Weddings Around the World

Celebrating the cultural traditions we carry into marriage.


There are many ways to honour being a couple, but for those who choose to formally get married, wedding traditions are often a meaningful part of their celebrations—they can even merge together beautifully in cross-cultural weddings. In this roundup, we've highlighted just a few of these old traditions that continue to hold special significance for many around the world.



TEA CEREMONY

A person pours tea among several cups

Chinese couples traditionally serve tea to their parents and other family members on the day of their wedding. Taking place in each family's home, tea ceremonies represent the union formed between the two families.













WEDDING COINS

Las arras matrimoniales  - Bin im Garten, CC BY 4.0 <https://creativecommons.org/licenses/by/4.0>, via Wikimedia Commons

In Hispanic culture, the gifting of 13 coins (las arras matrimoniales) from wedding godparents is a Catholic tradition still observed today. After the coins are blessed by the priest, the groom presents them to the bride, symbolizing his commitment to her.







Image Source: Bin im Garten


JUMPING THE BROOM

a wooden broom propped up against a building

References to this wedding tradition can be found across popular culture. After wedding vows are exchanged, some Black couples 'jump the broom' while holding hands, symbolizing a new chapter as the past is swept away.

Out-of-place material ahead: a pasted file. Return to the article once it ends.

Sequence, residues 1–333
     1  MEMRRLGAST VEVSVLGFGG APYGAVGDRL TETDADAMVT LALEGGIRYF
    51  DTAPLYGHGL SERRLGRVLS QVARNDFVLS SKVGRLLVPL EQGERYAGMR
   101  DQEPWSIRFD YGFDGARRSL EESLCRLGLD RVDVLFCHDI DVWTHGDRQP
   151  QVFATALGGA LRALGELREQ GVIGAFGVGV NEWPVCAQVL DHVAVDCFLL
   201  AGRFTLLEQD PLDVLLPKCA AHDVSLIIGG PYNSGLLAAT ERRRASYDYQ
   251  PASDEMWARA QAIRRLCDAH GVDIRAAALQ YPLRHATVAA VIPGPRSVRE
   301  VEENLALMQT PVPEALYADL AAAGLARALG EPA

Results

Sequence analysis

THE CHUPPAH

a chuppah

Standing under a chuppah (a four-cornered canopy) while speaking vows in a Jewish wedding ceremony symbolizes the home the couple will build together. The open walls of the chuppah also represents the couple's hospitality towards their guests.














MEHNDI PARTIES

a bride with henna designs on her hands

Traditionally hosted by the bride's family, Indian bridal parties can get intricate henna designs done on their hands and feet in preparation for weddings. In Hindu tradition, mehndi is also part of the Solah Shringar (16 bridal ornaments). Wedding traditions involving henna can also be seen across other cultures.













A WISHING TREE

A wishing tree

In this Dutch wedding tradition, guests mark their attendance by contributing to a wishing tree. Well-wishes are written down for the couple and hung from the tree's branches.














Image Source: Amazon


KOLA NUTS

Kola nuts - Agnieszka Kwiecień, Nova, CC BY-SA 3.0 <https://creativecommons.org/licenses/by-sa/3.0>, via Wikimedia Commons

This caffeine-rich food plays a significant role in many traditional West African weddings. A bride and groom may exchange kola nuts as a symbol of mutual respect, healing, and unity.











Image Source: Agnieszka Kwiecień, Nova


SACRED THREAD

a spool of white thread

In traditional Thai weddings, couples may be bound together using sacred thread known as Sai Sin. This is meant to bring good luck, and it symbolizes the union between the pair. Sacred thread is also used throughout other Buddhist traditions.














 

What wedding traditions do you find meaningful from your own culture or family roots?